After you’ve planned what to say, ask, “If I were the decision maker, would this message entice me? Would it make me want to spend an hour of my valuable time with this person?”
If your answer isn’t a resounding yes, rework and revise your message till it is enticing. Don’t leave it to chance. Don’t hope that it will work. Your job is to make it so compelling that your decision makers “get it at hello.”
Jill Konrath, sales strategist and bestselling author of Selling to Big Companies and SNAP Selling, is a frequent speaker at annual sales meetings, kick-off events and professional conferences.
For more articles like this, visit www.SellingtoBigCompanies.com. Sign up for the newsletter and get a BONUS Sales Call Planning Guide.
Jill, thanks for guesting on our blog today! And thanks for your wisdom about winning attention. It’s the details that make the difference.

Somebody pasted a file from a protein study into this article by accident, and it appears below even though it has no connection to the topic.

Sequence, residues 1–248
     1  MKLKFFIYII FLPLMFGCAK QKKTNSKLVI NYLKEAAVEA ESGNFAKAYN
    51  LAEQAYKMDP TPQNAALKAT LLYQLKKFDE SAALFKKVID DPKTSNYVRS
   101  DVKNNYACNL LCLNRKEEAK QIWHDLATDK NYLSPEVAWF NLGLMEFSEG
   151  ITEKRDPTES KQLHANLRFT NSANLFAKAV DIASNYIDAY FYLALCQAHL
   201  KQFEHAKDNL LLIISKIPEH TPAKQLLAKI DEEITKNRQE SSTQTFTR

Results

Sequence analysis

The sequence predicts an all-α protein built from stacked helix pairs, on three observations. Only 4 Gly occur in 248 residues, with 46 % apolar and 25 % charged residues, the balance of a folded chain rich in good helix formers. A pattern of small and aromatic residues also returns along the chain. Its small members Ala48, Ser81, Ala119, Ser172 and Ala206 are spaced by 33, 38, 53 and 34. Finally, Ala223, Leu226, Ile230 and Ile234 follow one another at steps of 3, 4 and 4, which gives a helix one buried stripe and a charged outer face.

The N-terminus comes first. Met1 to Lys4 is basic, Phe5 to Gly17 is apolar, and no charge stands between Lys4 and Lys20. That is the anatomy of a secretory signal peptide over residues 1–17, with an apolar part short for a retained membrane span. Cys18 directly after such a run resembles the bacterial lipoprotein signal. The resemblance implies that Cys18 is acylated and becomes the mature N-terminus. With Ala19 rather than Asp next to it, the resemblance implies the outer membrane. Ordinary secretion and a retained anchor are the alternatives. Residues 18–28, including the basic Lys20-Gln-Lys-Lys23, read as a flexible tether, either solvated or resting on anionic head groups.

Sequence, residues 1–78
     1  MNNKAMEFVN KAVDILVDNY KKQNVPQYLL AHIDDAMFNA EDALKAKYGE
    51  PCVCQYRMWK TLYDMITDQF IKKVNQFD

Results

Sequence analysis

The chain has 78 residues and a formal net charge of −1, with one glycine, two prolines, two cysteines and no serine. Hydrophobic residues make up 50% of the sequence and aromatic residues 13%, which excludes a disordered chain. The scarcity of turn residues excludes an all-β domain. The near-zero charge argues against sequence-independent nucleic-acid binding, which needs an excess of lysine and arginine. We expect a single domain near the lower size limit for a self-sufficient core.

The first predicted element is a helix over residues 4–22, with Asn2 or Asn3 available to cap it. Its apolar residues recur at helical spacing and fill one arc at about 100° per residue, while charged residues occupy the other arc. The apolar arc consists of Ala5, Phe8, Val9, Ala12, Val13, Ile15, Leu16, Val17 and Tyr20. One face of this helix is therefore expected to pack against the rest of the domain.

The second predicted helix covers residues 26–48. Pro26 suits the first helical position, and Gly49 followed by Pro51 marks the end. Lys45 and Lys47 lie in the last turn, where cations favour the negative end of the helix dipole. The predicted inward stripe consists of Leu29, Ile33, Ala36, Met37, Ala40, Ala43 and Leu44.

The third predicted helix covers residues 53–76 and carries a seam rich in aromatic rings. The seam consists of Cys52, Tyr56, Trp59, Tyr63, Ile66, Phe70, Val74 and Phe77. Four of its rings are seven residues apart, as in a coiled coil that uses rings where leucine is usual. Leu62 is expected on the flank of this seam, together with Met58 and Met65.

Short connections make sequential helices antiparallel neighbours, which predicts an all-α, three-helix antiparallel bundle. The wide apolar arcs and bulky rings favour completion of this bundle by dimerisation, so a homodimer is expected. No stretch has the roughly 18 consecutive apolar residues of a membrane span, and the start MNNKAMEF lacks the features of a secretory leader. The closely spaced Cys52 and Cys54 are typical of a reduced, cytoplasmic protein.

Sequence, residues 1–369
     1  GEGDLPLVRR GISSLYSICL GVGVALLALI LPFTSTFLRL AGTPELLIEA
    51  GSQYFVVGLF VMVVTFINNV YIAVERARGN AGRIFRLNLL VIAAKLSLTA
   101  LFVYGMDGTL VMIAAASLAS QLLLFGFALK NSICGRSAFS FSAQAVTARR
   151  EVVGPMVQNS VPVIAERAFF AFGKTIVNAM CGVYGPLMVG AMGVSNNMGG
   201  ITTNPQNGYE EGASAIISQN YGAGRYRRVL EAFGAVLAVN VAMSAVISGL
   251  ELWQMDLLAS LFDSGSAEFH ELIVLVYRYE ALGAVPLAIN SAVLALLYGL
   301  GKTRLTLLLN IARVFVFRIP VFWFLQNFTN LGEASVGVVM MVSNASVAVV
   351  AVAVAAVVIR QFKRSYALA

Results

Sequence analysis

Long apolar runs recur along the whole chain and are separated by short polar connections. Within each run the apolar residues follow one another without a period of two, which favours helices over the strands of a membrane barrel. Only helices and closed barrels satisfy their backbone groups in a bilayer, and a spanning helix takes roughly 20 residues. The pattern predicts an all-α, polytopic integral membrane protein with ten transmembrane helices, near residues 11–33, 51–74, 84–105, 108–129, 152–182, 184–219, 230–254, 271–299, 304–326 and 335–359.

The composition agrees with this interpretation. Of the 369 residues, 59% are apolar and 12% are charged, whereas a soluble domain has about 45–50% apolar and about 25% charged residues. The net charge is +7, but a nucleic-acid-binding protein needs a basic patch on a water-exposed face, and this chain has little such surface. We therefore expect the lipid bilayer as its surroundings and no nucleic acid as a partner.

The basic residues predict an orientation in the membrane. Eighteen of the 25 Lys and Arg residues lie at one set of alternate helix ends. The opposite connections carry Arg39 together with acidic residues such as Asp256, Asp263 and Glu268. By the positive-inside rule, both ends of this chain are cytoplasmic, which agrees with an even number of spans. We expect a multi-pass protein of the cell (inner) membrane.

Nice guest blog post! You’re absolutely right about those sample value propositions deserving scores of 1. They were quite ineffective.
When to give a value proposition makes a difference, too. Sometimes it’s more effective when given later in the call instead of early in the call. A sales rep skilled in listening will be able to quickly determine the best time to mention the value proposition to increase call success .
This is excellent! It goes beyond “benefit-driven” copy writing and has changed the ways I will address my own marketing and self-talk, as well as the kind of support and coaching I can give my clients when they wrestle with their value propositions. I’m off to buy your book, Jill, so the learning can continue!